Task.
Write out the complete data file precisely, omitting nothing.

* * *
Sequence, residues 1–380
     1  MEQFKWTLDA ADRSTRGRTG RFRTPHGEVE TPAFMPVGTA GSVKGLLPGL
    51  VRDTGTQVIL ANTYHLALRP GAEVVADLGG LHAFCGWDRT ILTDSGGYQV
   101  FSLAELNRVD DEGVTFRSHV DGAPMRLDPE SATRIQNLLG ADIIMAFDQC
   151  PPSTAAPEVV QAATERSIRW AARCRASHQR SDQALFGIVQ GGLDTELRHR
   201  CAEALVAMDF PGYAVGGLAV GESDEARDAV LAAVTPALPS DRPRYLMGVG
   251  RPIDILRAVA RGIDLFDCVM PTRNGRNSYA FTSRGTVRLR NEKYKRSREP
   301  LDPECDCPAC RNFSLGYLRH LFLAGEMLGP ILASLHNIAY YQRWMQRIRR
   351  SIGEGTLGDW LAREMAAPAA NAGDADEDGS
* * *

Sequence, residues 1–380
     1  MEQFKWTLDA ADRSTRGRTG RFRTPHGEVE TPAFMPVGTA GSVKGLLPGL
    51  VRDTGTQVIL ANTYHLALRP GAEVVADLGG LHAFCGWDRT ILTDSGGYQV
   101  FSLAELNRVD DEGVTFRSHV DGAPMRLDPE SATRIQNLLG ADIIMAFDQC
   151  PPSTAAPEVV QAATERSIRW AARCRASHQR SDQALFGIVQ GGLDTELRHR
   201  CAEALVAMDF PGYAVGGLAV GESDEARDAV LAAVTPALPS DRPRYLMGVG
   251  RPIDILRAVA RGIDLFDCVM PTRNGRNSYA FTSRGTVRLR NEKYKRSREP
   301  LDPECDCPAC RNFSLGYLRH LFLAGEMLGP ILASLHNIAY YQRWMQRIRR
   351  SIGEGTLGDW LAREMAAPAA NAGDADEDGS